Tiger, Tough: How Luck and the SEC Schedule Could Hurt Auburn in 2014

The 2014 college football season is rapidly approaching. Are you excited? We’re excited! We’re also here to help you prep for the impending campaign with a steady stream of preview content. So check back daily (well, not on weekends!) for more on the players, teams, leagues, trends, and emojis destined to define this season. Roll Tide. Or War Damn Eagle. Whichever.

No college football team exceeded expectations more than Auburn in 2013. Coming off a winless 2012 SEC campaign, and with new head coach Gus Malzahn at the helm, the Tigers ripped off a 7-1 conference record, earning a spot in the league title game and subsequently a spot in the national title game. Though the Tigers’ historic turnaround fell four points shy of a national championship victory, they reminded college football fans nationwide that power programs rarely stay down for long, and that Malzahn is capable of instantly translating talent into wins.

Now the Tigers enter 2014 amid much higher expectations. Bruising running back and Heisman finalist Tre Mason is in the NFL, but quarterback Nick Marshall returns to power Malzahn’s elite rushing attack. The preseason magazines picked the Tigers to finish second in the SEC West behind in-state rival and perennial national power Alabama, and while that may seem like a slight against the almost-champs, it may actually be too generous. After last season’s unprecedented ascent, Auburn’s roller-coaster ride looks to be headed toward another dip due to two factors: luck and schedule.

Lucky or Good?

The Tigers had talent last season, but they also had extraordinary luck.

Against Georgia, Auburn trailed 38-37 before scoring the winning touchdown on a freak tipped Hail Mary from Marshall to Ricardo Louis on fourth-and-18 with 36 seconds remaining:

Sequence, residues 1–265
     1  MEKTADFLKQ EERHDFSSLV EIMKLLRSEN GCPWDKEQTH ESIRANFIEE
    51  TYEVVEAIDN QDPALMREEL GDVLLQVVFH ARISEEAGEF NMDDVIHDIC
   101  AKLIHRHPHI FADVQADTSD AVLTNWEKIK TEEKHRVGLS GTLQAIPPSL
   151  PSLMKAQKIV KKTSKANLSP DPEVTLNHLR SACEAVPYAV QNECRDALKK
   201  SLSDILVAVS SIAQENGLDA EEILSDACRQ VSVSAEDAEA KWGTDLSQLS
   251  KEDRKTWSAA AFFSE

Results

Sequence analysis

CBS commentator Gary Danielson called the desperation heave the “play of the year,” but that label proved premature, because Auburn delivered an even more miraculous comeback in its next contest, against Alabama. With one second left and the game knotted at 28 apiece, Nick Saban elected to have his backup kicker attempt a potential game-winning field goal from 57 yards out. Every college football fan knows what happened next:

You might want to call that divine intervention, but I’ll call it luck. When statisticians talk about “luck,” we’re referring specifically to an occurrence that has a tiny probability of happening again. Sometimes, we can prove luck by examining the correlations; other times, we need only to watch something unfold to know intuitively that it’s a lucky outcome. Marshall could throw the same pass against Georgia 1,000 additional times without getting the same result.

When I rank teams on my website, The Power Rank, I adjust margin of victory based on strength of schedule. To get the best possible feel for a team’s true ability, however, it makes sense to go one step further and strip out lucky scores for a more accurate read. Auburn finished fourth in my rankings last season but would have dropped to seventh without the Georgia and Alabama results. That’s still an incredible rebound from a disastrous 2012 campaign, and it still positions Auburn as a talented top-10 team … but not as a team that would crack the sport’s new four-team playoff.

Maybe Auburn will get lucky again in 2014, but there’s no way to know for sure. And all logic points toward the opposite outcome: less luck and a subsequent regression. Without luck as a reliable variable, Auburn will have to improve to match last season’s success, let alone exceed it. This is especially true with a new obstacle looming:

SEC Schedule Injustice

In the age of the mega-conference, the schedule plays an increased role in each team’s fate. The SEC employs an eight-game conference slate, with each team playing six games against division opponents and two against cross-division opponents. In an effort to preserve traditional rivalries, one of those cross-division games comes against the same foe each year, while the other rotates.